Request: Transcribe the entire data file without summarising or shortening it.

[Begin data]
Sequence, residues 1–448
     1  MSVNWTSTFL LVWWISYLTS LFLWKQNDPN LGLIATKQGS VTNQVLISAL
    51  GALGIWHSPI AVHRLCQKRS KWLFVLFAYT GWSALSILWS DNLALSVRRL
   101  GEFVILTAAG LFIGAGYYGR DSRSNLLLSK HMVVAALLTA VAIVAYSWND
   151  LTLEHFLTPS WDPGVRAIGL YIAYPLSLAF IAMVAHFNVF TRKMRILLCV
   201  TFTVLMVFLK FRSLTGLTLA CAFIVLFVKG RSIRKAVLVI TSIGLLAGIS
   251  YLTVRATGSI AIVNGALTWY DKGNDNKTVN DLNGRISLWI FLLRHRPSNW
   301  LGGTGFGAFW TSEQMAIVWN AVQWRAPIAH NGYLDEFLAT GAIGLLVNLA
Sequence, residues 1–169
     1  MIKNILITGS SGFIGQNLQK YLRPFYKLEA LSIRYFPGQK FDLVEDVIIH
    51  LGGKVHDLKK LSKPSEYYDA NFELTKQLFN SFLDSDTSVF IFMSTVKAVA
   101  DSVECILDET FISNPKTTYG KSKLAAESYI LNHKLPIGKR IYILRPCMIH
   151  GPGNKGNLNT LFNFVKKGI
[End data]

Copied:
Sequence, residues 1–448
     1  MSVNWTSTFL LVWWISYLTS LFLWKQNDPN LGLIATKQGS VTNQVLISAL
    51  GALGIWHSPI AVHRLCQKRS KWLFVLFAYT GWSALSILWS DNLALSVRRL
   101  GEFVILTAAG LFIGAGYYGR DSRSNLLLSK HMVVAALLTA VAIVAYSWND
   151  LTLEHFLTPS WDPGVRAIGL YIAYPLSLAF IAMVAHFNVF TRKMRILLCV
   201  TFTVLMVFLK FRSLTGLTLA CAFIVLFVKG RSIRKAVLVI TSIGLLAGIS
   251  YLTVRATGSI AIVNGALTWY DKGNDNKTVN DLNGRISLWI FLLRHRPSNW
   301  LGGTGFGAFW TSEQMAIVWN AVQWRAPIAH NGYLDEFLAT GAIGLLVNLA
Sequence, residues 1–169
     1  MIKNILITGS SGFIGQNLQK YLRPFYKLEA LSIRYFPGQK FDLVEDVIIH
    51  LGGKVHDLKK LSKPSEYYDA NFELTKQLFN SFLDSDTSVF IFMSTVKAVA
   101  DSVECILDET FISNPKTTYG KSKLAAESYI LNHKLPIGKR IYILRPCMIH
   151  GPGNKGNLNT LFNFVKKGI